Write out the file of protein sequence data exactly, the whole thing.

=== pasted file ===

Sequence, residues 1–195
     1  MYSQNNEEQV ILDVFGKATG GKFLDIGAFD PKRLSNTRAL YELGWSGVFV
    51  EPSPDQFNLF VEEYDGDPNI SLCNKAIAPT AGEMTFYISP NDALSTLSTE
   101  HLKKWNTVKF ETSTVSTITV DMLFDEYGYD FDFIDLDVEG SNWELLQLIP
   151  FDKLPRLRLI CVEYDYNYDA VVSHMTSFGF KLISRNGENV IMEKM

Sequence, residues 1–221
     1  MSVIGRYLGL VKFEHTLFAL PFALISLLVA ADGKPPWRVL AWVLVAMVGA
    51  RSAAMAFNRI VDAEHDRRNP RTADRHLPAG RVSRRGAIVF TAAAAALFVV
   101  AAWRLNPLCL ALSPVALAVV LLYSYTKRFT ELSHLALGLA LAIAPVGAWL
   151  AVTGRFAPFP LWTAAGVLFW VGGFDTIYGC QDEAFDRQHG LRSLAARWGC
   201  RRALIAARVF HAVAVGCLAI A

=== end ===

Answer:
Sequence, residues 1–195
     1  MYSQNNEEQV ILDVFGKATG GKFLDIGAFD PKRLSNTRAL YELGWSGVFV
    51  EPSPDQFNLF VEEYDGDPNI SLCNKAIAPT AGEMTFYISP NDALSTLSTE
   101  HLKKWNTVKF ETSTVSTITV DMLFDEYGYD FDFIDLDVEG SNWELLQLIP
   151  FDKLPRLRLI CVEYDYNYDA VVSHMTSFGF KLISRNGENV IMEKM

Sequence, residues 1–221
     1  MSVIGRYLGL VKFEHTLFAL PFALISLLVA ADGKPPWRVL AWVLVAMVGA
    51  RSAAMAFNRI VDAEHDRRNP RTADRHLPAG RVSRRGAIVF TAAAAALFVV
   101  AAWRLNPLCL ALSPVALAVV LLYSYTKRFT ELSHLALGLA LAIAPVGAWL
   151  AVTGRFAPFP LWTAAGVLFW VGGFDTIYGC QDEAFDRQHG LRSLAARWGC
   201  RRALIAARVF HAVAVGCLAI A